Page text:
What is Single Sign-On?
When applied to Terminal Services, Single Sign-On means using the credentials of the currently logged on user (also called default credentials) to log on to a remote computer. If you use the same user name and password logging on to your local computer and connecting to a Terminal Server, enabling Single Sign-On will allow you to do it seamlessly, without having to type in your password again.
Locally logged on credentials are used for connecting to TS Web Access, however, they cannot be shared across TS Web Access and TS or TS Gateway. Thus you will need to enable the Group Policy settings described below in order to use locally logged on credentials for TS or TS Gateway connections.
How to enable Single Sign-On?
Single sign-On can be enabled using domain or local group policy.
What are the limitations when using Single Sign-on?
Why is Single Sign-On controlled by Group Policy?
As a part of the logon process TS Client sends the actual user credentials (user name and password) to the server. If a code running as a regular user were allowed to enable Single Sign-On, any malicious software (virus, Trojan, spyware etc.) running in the user's session would be able to send the user's password to any machine on the network. So, only administrators should be allowed to decide which servers are safe for Single Sign-On.
Thus Single Sign-On can only be enabled on domain-joined client machines.
What if I have Single Sign-On enabled but want to use different credentials this time?
Start TS Client. Click the "Options" button. Select the "Always ask for credentials" checkbox. You will be asked for credentials next time you connect.
How do I enable Single Sign-on for TS Gateway Server?
If you have a non-domain client, then you cannot get single sign-on by using locally logon credentials to authenticate with TSG and TS since administrator cannot deploy single sign-on group policies to the non-domain client machines.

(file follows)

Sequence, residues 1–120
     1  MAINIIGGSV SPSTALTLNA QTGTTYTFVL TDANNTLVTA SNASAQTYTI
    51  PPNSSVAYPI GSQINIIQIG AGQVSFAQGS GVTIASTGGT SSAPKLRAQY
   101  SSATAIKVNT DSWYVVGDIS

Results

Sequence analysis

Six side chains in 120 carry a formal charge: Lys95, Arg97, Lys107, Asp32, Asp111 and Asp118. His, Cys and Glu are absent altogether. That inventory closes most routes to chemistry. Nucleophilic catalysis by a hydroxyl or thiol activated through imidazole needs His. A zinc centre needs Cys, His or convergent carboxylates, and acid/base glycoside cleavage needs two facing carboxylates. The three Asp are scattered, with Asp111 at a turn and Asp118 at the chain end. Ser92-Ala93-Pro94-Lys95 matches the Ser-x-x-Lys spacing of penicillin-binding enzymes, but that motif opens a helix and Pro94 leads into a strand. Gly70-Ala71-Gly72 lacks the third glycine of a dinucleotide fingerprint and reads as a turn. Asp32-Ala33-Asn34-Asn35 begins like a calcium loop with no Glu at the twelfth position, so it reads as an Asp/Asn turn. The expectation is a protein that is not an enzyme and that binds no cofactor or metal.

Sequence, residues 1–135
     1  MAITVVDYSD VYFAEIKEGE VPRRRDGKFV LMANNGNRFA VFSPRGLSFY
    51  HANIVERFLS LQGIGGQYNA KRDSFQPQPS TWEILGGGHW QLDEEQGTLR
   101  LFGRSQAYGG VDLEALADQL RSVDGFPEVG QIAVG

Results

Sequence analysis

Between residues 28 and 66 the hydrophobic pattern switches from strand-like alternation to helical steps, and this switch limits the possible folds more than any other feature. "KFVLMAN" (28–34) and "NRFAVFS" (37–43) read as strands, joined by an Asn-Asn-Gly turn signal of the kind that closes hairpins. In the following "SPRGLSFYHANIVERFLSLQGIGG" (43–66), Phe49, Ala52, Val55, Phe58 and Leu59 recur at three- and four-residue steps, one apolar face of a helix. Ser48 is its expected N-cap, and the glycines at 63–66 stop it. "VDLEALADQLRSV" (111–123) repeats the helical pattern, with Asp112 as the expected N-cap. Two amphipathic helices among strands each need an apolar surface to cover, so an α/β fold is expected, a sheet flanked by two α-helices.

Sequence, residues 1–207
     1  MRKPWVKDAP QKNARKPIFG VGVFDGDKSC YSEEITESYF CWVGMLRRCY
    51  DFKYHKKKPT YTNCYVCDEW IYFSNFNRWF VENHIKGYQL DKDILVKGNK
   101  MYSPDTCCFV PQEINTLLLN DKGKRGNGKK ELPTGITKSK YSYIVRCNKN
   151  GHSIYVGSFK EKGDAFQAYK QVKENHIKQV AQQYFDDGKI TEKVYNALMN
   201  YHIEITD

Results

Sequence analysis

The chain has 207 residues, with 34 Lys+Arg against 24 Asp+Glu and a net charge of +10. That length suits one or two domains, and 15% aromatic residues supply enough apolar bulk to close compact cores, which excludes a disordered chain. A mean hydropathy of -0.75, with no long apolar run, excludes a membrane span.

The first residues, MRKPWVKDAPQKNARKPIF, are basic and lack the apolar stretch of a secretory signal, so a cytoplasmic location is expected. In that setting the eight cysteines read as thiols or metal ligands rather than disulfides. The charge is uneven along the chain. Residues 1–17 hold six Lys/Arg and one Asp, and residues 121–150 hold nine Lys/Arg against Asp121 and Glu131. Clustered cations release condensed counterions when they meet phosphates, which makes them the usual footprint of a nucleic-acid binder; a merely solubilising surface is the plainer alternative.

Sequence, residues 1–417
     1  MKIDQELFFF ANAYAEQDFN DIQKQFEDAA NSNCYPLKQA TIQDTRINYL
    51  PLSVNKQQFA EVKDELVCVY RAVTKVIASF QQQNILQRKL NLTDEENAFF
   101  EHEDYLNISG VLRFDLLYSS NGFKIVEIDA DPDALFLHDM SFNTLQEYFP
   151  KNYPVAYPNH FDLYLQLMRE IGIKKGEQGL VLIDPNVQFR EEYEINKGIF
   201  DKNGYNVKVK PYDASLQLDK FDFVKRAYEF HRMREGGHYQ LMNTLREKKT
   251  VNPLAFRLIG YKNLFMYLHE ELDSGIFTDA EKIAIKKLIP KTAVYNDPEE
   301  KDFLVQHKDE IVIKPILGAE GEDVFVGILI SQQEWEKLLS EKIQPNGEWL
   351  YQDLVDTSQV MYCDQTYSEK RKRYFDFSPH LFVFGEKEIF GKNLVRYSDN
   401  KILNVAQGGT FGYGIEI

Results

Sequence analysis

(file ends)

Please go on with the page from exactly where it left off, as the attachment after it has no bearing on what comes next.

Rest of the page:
Thus, to provide the best connection experience for non-domain clients through TS Gateway, set the option “Use my TS Gateway credentials with remote server option” in RDP file or in the mstsc client advanced setting menu as per screenshot below. This will ensure that end users are prompted for credentials only once during the connection experience.
No. Unfortunately if a Smart Card is used to log on locally to the machine, these credentials cannot be used for Single Sign-On. Please also note that you cannot save Smart Card credentials in TS connections either.
Nu finns det en guide för hur man konfigurerar SSO mellan en VISTA/Longhorn klient till en VISTA/Longhorn...
Is it possible to provide SSO for Terminal Services in Win2k3 Server and XP/Win2k3 as clients?
Unfortunately it's not possible, because SSO requires using a special Security Support Provider currently available only in Vista.
If I understood the explanation correctly, you use also a username and password to authenticate from Vista to Longhorn. The difference is that the username and password are cached and sent without user intervention.
No way to rely on kerberos authentication and constrained delegation ?
Dans un domaine windows, on est authentifi&#xE9; pour quasiment tous les services via Kerberos sans
I've just foudn out that SSO will be available on XP SP3. Dev. has ported CredSSP back to XP SP3.
Someone from MS Dev. need to confirm that SSO will work with WinXP SP3.
Unfortunately, SSO will not be supported on XP SP3.
I'm sorry for the confusion.
I was just in the Webcast today on Security in Terminal Servers and the presenter had XP SP3 in the list as supported for SSO.
Was that old information?
BTW, it does work in XP SP3 RC1; however, the group policy templates don't provide for a means to make the change.
Make the change on a vista box and export the registry key and it will work on XP. Tried with SP2/RDP 6.1 client, that's a no-go, SP3 *IS* required.
Can anyone else confirm SSO works in XP Sp3?
Can someone post the registry changes required for the SSO to function on an XP machine?
Windows Registry Editor Version 5.00
Replace "<My Server1>", "<My Server2>", etc. with the real server names.
Do not use AllowDefCredentialsWhenNTLMOnly unless it is absolutely necessary. It is to enable SSO when Kerberos or SSL server authentication is not possible, and it is not very secure (you may end up sending your password to a wrong server).
Thanks! Hopefully I can get it to work.
I suppose this could be pushed out using GPO to XPSP3 PCs. Has anyone done it?